THE RAIN WAS REALLY INTENSE WHEN I VISITED ON THE BANK HOLIDAY SUNDAY
Every time I visit St Anne’s Park it rains and yesterday was no different except for the fact that I have never seen such intense rain … a path that I was walking along turned into a river within minutes.
When I first photographed this more than ten years ago it was in very poor condition having been the subject of vandalism for decades. In recent years, there have been efforts to restore the follies but this has been a slow and expensive process and some are still in poor condition, There is hope that they will eventually be restored to their former glory.
Follies are decorative structures that are built for aesthetic purposes rather than for practical use. They are often found in gardens and parks, and they can take many different forms. Some common types of follies include towers, bridges, grottoes, and temples.
St Anne’s Park is home to 12 follies, which were built by the Guinness family in the 19th century. The follies are located throughout the park, and they are inspired by a variety of architectural styles, including Roman, Greek, and maybe Chinese.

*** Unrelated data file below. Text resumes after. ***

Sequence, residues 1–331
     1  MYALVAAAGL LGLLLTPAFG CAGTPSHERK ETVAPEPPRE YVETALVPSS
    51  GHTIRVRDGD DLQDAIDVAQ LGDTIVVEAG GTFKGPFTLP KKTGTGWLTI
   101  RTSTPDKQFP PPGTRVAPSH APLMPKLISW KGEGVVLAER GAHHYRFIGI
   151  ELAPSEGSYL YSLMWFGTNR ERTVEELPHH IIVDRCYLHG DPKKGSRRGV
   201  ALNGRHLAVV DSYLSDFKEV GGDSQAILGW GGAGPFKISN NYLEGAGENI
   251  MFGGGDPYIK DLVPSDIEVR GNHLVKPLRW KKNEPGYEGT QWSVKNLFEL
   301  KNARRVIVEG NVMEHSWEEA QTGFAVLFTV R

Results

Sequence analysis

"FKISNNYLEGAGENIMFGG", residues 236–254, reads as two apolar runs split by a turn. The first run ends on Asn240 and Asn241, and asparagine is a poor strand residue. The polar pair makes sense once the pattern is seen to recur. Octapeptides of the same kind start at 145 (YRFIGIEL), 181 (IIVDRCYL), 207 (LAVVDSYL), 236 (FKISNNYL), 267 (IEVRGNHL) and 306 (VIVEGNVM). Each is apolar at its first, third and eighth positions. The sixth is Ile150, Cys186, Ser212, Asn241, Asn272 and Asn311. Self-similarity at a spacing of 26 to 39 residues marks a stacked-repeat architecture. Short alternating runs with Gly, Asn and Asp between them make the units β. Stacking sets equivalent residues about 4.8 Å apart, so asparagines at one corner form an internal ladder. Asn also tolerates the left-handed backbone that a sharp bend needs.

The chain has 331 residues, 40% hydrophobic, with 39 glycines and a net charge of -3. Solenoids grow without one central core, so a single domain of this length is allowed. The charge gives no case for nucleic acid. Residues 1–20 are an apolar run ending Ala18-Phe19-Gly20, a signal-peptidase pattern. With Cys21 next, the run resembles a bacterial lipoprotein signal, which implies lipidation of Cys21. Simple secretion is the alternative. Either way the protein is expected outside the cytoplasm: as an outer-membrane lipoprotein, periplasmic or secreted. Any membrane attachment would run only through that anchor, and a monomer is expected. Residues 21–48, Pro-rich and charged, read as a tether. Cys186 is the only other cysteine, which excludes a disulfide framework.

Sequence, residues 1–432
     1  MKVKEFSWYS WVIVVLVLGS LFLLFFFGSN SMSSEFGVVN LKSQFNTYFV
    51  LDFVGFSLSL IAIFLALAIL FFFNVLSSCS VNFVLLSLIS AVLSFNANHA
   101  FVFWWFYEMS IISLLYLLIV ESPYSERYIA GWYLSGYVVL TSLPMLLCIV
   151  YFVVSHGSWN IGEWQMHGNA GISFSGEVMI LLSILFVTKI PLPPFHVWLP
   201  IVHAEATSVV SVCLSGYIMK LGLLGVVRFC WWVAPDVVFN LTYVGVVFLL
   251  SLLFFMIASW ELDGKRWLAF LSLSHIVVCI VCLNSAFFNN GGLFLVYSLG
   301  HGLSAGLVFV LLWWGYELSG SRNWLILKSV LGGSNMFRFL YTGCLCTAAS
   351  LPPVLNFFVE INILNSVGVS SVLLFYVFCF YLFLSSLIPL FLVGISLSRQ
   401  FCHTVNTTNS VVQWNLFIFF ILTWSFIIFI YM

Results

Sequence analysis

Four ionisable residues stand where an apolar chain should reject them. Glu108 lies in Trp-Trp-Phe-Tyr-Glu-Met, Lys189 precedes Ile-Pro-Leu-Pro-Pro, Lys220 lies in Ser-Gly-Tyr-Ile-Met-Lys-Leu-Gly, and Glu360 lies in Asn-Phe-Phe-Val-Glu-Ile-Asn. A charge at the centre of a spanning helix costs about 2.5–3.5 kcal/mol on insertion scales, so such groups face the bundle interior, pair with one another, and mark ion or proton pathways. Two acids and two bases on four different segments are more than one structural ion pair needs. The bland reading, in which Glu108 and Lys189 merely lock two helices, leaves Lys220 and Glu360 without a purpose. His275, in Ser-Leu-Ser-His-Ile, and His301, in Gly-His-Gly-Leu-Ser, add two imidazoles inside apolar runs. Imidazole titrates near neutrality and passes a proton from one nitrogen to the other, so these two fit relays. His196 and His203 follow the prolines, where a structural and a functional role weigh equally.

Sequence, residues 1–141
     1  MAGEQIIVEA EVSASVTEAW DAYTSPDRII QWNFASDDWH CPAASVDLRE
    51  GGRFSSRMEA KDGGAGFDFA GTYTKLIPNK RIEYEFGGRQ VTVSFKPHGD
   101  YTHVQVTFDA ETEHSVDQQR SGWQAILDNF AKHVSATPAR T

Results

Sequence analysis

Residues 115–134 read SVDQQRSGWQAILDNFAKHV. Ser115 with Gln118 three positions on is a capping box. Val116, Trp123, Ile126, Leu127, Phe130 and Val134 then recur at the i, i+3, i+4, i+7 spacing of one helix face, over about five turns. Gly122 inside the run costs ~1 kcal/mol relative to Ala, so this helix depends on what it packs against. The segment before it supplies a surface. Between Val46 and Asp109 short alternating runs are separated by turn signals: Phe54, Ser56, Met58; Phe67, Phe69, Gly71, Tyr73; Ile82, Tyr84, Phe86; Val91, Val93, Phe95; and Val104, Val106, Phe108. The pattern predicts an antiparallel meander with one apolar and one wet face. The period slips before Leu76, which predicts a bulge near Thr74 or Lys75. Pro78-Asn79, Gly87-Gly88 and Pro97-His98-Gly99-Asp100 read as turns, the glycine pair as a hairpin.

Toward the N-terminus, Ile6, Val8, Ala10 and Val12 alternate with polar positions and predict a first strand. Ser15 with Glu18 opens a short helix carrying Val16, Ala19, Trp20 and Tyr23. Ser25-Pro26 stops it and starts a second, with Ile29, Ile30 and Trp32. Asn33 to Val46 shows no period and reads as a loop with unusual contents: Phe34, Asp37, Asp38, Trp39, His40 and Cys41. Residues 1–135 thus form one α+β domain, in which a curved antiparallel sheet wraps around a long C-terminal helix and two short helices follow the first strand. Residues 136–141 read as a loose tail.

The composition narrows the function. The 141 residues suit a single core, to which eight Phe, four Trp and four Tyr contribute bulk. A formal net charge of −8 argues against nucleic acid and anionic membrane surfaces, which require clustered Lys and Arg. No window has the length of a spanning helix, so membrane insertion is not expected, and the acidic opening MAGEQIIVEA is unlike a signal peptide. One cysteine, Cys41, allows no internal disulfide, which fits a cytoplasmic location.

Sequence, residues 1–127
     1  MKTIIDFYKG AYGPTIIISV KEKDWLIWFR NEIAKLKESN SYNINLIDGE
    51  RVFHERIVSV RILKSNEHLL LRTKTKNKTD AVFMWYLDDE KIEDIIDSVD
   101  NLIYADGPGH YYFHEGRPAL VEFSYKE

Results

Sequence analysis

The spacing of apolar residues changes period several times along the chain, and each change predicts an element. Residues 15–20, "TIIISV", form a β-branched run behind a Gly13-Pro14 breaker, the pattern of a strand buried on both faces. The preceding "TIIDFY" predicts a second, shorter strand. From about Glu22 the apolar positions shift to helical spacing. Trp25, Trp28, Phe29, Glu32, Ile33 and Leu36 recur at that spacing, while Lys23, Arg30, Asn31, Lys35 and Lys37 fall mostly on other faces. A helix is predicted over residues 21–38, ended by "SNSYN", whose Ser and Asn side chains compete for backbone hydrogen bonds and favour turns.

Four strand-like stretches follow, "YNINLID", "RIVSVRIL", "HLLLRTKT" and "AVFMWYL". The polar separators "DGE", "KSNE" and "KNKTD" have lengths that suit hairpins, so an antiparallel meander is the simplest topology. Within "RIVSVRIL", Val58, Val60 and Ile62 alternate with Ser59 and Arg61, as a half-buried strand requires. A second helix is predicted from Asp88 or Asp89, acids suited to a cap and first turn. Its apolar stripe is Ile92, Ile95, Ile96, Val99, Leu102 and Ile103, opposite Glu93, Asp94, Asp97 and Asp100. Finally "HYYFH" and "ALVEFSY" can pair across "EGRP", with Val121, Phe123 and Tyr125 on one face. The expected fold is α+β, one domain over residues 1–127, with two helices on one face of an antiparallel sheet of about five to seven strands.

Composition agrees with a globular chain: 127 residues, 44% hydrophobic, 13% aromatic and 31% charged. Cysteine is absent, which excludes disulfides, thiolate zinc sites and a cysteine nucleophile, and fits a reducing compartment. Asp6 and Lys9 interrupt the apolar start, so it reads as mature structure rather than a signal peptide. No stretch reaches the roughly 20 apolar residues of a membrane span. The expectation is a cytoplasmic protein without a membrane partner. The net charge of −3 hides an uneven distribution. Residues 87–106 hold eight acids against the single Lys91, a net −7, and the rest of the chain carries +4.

The follies at St Anne’s Park have been conserved by Dublin City Council in recent years. The conservation work has included repairing the structures, removing vegetation, and applying a protective coating to the stonework.
- The temple was built in 1835 by Benjamin Lee Guinness, the second earl of Iveagh
- It is inspired by the ruins of the ancient Roman city of Herculaneum, which was destroyed by a volcanic eruption in 79 AD.
- The temple is made of limestone, and it features a Doric portico with six columns.
- The interior of the temple is small and circular, with a domed ceiling.
The temple was originally used as a tearoom for the Guinness family.
- The temple is located on the banks of the Naniken River.